In Europe, Spring is the season of birth...

With air temperatures back in positive figures and the melting of the snow, wild animals find living conditions once again favourable.


The warmer weather in March and the first rains awaken the dormant vegetation. Animals find new food sources. Females are then able to produce good quality milk, essential for the development of their young.


The conditions are ripe for birth.

... In March, young wild boar are the first to roam the Reserve.

The wild boar give birth at the beginning of March and sometimes even earlier, despite the snow on the ground.


The gestation period lasts 3 months, 3 weeks and 3 days, a total of 115 days. After hiding away in a natural depression covered in thick vegetation, the female gives birth to 2 or 3 young, and very occasionally 4 or 5. After a week the young litter can follow their mother as she looks for food.


From the beginning of March, these families can often be spotted near our domestic horses, no doubt to take the grain and pellets they leave in the fields.


When winters are long and hard, like in 2009, the boars may lose their young and give birth to a new litter in the summer.


Although the young feed on their mother's milk for 2 to 3 months, they follow her until they are two and sometimes the young females stay for even longer.



In May the first fawn hide in the undergrowth

At the end of March, the deer herds break up. Female deer, with their young born the year before, seek out areas of thick vegetation to provide a secure refuge for their coming fawn.


In the Reserve, the births begin around the end of April and continue throughout May until the beginning of June. The gestation period is 8 months and the doe usually gives birth to one fawn, but very occasionally she produces two.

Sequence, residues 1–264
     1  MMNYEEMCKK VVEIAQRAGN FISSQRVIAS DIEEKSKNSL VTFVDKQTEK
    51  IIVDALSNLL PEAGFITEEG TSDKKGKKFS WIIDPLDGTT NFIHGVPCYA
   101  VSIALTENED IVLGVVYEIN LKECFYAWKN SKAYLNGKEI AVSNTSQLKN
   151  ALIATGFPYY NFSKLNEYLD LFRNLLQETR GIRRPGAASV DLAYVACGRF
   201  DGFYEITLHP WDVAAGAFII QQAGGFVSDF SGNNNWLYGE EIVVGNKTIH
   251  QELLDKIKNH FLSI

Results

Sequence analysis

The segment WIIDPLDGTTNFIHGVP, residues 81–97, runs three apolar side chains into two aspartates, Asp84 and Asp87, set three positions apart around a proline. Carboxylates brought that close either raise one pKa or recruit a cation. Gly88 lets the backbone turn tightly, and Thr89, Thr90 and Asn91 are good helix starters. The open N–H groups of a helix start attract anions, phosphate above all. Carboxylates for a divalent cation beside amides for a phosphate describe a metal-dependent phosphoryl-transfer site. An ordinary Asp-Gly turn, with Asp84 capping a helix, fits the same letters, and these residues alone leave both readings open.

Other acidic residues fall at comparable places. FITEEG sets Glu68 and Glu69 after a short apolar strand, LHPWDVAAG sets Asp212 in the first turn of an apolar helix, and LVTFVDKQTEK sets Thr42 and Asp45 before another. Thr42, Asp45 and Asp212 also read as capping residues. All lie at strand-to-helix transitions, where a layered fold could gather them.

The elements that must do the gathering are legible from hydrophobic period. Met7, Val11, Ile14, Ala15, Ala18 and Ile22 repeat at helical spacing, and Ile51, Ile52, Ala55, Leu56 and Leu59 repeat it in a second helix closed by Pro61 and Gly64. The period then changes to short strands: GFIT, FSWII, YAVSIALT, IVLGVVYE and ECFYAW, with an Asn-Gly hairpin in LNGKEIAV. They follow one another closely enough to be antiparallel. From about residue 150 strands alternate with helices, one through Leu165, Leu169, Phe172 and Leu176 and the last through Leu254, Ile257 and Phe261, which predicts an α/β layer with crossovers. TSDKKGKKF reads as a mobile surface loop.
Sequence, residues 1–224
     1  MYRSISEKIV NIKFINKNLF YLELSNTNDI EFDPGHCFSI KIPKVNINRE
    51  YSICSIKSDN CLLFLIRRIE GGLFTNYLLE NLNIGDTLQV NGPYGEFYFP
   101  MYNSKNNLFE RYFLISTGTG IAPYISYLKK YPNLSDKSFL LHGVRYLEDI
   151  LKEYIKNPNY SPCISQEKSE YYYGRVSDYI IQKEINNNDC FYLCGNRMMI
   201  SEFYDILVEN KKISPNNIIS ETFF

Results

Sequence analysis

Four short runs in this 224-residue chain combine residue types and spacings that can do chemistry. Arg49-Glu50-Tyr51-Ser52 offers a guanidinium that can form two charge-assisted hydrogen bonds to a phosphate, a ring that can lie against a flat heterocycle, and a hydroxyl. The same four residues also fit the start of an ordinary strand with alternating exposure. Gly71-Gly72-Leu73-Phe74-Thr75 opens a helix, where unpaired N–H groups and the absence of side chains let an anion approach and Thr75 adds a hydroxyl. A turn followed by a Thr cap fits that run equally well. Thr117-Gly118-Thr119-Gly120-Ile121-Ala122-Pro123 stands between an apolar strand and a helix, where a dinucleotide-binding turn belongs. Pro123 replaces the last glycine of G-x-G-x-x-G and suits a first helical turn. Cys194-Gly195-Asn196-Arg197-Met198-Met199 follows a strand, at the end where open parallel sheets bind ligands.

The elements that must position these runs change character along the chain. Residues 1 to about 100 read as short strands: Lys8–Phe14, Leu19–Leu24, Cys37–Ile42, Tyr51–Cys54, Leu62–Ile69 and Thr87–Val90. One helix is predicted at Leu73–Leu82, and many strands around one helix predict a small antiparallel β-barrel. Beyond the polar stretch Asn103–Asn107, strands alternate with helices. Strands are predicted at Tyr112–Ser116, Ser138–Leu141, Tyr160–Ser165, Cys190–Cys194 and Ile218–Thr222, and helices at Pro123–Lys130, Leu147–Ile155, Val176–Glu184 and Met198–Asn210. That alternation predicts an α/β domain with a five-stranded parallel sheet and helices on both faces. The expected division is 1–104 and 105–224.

In the same period, female roe deer leave their young from the previous year to find an isolated place, where they give birth to one or two, and sometimes three young.

Undoubtedly to avoid the new-born being noticed by predators, these mothers (both deer and roe deer) eat the umbilical cord, stained grass and the faeces of their fawn.


For the first weeks of their life, the fawn spend most of the time hidden from predators in the long grass or bushes. The mothers frequently visit to feed and clean them.


From May onwards, during the guided visits at the Reserves, deer and roe deer often try to attract our attention in order to divert visitors from their fawn hidden in the vegetation. Our guides are advised to play along and follow the mother until she gives them the slip.

After a few weeks the female deer rejoin their herd, while the roe deer females remain apart until the next rut (July/August).


At Thorenc, the herds usually reform in July and at the edges of the forest you can see the young suckling their mothers.

In June the young bison gallop across the meadows

Unlike the deer herds, the bison herds stay together during the calving season. After a nine month gestation period, the females ready to give birth leave the herd to go to one of the two birthing sites on the Reserve. Sometimes another female will accompany them, but never the young from the previous year. These two sites are used by all the females and we do not really know why they were chosen. Eighteen bison have been born since 2006.

Two or three days after leaving the herd the females give birth to just one young, weighing between 15 and 20 kg. They watch their offspring very carefully for 3 to 6 days, after which time they rejoin the herd. At first they come and go, but once the young bison is strong enough to gallop across the meadows, they stay definitively with the herd.

For the first 10 days the mothers are very wary and can charge without warning! Our guides avoid the birthing places from May to July and do not approach nursing mothers until they have definitively rejoined the herd.

Spring, the season of renewal and new generations

Text : Patrice Longour – Photos : Baptiste Vivinus

with colaboration of :
zooConseil général des Alpes-MaritimesPrefecture des Alpes Maritime